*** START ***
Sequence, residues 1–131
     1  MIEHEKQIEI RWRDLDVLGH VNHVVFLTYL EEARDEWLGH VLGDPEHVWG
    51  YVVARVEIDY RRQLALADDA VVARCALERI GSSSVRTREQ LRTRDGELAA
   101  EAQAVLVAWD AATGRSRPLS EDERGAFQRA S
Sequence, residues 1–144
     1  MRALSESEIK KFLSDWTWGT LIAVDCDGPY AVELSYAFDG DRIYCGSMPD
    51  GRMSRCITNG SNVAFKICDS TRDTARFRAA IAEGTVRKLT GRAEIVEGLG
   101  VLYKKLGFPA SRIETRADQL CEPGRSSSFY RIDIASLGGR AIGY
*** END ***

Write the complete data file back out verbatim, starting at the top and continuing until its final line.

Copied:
Sequence, residues 1–131
     1  MIEHEKQIEI RWRDLDVLGH VNHVVFLTYL EEARDEWLGH VLGDPEHVWG
    51  YVVARVEIDY RRQLALADDA VVARCALERI GSSSVRTREQ LRTRDGELAA
   101  EAQAVLVAWD AATGRSRPLS EDERGAFQRA S
Sequence, residues 1–144
     1  MRALSESEIK KFLSDWTWGT LIAVDCDGPY AVELSYAFDG DRIYCGSMPD
    51  GRMSRCITNG SNVAFKICDS TRDTARFRAA IAEGTVRKLT GRAEIVEGLG
   101  VLYKKLGFPA SRIETRADQL CEPGRSSSFY RIDIASLGGR AIGY